Her Majesty Queen Elizabeth II Has An Environmentally Friendly Mobile Phone!
Imagine how I felt when I found out that Queen Elizabeth II has an environmentally friendly mobile phone? It was as though I had been knighted. I don’t remember ever receiving a call from our Head of State, (although I would have been proud as punch to receive a Royal Command and indeed, I am quite sure I would remember such a call).
I have no memory of taking down details and replying with a contract for her Royal Highness to sign, but I do nonetheless ask myself, ‘how is The Queen’s mobile phone green and CO2 free? I have always said:
‘’Make the call, but make it green’’.
And it would appear The Queen and the Royal Family have really gone one better. Windsor Castle really has gone environmentally friendly with the installation of hydroelectric power. Hydro-electric power is already up and running at the Queen’s other residence in the Cairngorms - Balmoral Castle, and now Windsor Castle has followed suit.
The Queen took delivery of two giant Archimedes hydroelectric turbines in 2011. Weighing in at 40 tonnes, the turbine screws were lowered into place by crane at Romney Weir on the River Thames. They are the cornerstone for creating a sustainable energy source to help turn Windsor Castle into a home with the greenest mobile phones in the United Kingdom.
The screws are connected to WEG W22 IE3 class premium efficiency generators. Depending on water conditions the generators can produce anywhere between 200 to 300 kWh of power at peak flow. Not only will the project provide power for the Royal mobile phone but also it will provide green communication for more than 500 Windsor homes in and around the castle area.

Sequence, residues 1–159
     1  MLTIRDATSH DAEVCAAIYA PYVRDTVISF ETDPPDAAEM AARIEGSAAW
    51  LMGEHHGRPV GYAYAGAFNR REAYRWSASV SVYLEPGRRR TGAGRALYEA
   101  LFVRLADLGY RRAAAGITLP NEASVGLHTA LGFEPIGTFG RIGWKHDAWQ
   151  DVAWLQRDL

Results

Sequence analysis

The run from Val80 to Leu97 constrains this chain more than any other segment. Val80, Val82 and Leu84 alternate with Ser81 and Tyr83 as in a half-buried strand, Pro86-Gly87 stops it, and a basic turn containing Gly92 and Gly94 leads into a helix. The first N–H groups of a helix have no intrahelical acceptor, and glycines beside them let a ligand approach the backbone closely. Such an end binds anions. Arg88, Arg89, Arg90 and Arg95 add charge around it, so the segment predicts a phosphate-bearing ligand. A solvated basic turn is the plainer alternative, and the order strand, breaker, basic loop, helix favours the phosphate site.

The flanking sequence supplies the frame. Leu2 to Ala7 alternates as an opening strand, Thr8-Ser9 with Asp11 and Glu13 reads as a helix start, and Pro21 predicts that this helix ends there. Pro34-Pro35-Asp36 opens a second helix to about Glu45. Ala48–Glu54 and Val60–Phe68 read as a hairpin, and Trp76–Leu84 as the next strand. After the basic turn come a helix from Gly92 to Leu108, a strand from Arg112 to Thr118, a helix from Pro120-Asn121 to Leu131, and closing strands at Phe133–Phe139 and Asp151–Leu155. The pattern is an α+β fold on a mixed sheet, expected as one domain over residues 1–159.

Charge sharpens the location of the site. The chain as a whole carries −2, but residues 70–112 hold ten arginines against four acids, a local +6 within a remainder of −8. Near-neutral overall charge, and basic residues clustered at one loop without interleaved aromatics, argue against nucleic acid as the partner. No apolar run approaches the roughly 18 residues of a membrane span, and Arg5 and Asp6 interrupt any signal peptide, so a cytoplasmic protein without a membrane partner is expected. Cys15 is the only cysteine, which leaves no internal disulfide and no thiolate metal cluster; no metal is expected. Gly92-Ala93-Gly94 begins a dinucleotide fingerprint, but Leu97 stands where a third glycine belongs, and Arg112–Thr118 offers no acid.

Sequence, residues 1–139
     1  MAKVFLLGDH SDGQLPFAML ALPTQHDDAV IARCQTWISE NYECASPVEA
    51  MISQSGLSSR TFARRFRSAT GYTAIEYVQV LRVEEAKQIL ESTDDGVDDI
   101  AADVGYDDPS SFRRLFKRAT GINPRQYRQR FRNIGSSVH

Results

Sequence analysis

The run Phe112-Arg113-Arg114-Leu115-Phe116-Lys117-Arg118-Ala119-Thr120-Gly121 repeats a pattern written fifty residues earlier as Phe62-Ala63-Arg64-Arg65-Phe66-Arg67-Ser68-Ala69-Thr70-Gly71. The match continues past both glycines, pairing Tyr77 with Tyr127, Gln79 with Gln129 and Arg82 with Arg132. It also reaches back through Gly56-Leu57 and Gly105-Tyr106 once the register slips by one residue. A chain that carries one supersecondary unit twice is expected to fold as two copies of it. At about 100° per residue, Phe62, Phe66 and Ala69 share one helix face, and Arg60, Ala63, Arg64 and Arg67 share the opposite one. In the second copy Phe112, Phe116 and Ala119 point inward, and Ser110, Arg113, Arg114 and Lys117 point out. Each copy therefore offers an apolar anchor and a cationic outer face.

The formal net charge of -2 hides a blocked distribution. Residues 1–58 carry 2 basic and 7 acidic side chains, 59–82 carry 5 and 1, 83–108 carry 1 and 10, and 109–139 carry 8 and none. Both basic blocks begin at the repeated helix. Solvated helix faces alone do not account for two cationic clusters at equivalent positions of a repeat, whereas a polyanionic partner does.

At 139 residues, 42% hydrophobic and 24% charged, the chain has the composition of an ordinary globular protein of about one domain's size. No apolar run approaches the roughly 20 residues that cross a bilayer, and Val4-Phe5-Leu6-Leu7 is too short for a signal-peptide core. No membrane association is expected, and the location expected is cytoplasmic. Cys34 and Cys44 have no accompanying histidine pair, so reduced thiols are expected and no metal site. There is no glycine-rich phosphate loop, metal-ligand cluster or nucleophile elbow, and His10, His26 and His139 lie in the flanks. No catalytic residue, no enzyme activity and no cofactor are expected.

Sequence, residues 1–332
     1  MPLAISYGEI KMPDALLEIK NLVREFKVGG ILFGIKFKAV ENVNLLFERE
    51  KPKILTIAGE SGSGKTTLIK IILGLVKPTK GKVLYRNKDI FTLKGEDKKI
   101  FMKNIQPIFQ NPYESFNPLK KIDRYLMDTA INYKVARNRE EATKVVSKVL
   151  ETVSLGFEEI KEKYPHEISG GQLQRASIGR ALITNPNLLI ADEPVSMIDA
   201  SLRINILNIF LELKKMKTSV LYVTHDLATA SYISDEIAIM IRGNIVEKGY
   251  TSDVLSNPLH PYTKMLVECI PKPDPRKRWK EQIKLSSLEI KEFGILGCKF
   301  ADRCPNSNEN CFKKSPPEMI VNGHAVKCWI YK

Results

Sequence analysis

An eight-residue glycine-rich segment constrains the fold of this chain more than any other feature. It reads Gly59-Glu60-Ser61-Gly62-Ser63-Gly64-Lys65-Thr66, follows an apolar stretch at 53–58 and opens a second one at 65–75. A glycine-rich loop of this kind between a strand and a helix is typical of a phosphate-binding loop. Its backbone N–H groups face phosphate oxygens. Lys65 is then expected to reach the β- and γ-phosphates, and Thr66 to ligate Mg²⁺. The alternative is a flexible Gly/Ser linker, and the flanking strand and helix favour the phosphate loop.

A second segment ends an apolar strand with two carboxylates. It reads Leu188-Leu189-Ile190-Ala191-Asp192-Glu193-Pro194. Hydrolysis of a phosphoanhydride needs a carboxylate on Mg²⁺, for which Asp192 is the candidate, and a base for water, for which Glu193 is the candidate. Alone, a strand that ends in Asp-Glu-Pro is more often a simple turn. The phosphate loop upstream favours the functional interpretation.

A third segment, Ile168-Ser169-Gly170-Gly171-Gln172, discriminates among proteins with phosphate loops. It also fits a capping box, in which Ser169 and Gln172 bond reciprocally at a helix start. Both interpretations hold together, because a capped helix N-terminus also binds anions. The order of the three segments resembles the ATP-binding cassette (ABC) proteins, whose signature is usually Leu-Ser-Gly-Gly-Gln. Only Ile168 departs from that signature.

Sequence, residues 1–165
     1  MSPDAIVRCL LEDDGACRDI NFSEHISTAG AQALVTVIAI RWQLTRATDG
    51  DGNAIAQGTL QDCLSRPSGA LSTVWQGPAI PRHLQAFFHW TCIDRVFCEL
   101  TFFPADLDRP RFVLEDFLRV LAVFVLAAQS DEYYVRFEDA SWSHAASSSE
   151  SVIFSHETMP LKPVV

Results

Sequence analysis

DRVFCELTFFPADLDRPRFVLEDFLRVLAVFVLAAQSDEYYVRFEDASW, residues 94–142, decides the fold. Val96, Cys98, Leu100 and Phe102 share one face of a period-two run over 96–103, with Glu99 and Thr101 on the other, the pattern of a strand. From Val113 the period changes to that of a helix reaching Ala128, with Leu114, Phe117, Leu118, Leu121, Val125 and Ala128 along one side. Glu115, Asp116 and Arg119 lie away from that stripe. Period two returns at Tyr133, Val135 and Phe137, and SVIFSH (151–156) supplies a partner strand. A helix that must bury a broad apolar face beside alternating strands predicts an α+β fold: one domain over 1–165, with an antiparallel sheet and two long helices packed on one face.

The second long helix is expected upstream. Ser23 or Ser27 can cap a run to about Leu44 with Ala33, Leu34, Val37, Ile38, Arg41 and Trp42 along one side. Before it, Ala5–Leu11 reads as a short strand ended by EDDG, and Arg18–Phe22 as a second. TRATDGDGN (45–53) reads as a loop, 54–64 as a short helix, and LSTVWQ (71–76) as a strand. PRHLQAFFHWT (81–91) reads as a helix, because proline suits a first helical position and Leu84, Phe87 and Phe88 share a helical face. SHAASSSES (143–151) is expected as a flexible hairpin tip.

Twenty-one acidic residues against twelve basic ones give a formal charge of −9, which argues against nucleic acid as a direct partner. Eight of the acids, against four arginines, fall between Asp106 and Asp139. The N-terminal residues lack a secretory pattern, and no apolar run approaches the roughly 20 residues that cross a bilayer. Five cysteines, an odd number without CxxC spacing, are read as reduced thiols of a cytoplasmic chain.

Hydropower is created by flowing water to drive the turbines to generate electricity. The two massive Archimedes screws at the heart of this project were originally built in Holland. However, the idea was initially created by an ancient Greek engineer and mathematician called Archimedes of Syracuse. He designed the screws to raise low lying water higher, to irrigate land at the top of a slope. It really is a brilliant design and, alongside Romney Weir, to add an extra ecological element to the project, a new ‘fish path’ has been built, so that fish and eels can migrate upstream.
Installation took over four years at a cost of £1 million. Expensive? No, not really, the projected savings make the entire project very worthwhile. As well as saving around £1.8 million on running costs over a five-year period, Windsor Castle estate has reduced its carbon footprint by knocking off an impressive 800,000 kilos reduction in carbon dioxide emissions created from its grounds and buildings.
I must say I feel quite smug with what I’m about to say: Her Majesty’s mobile phones don’t cost the earth!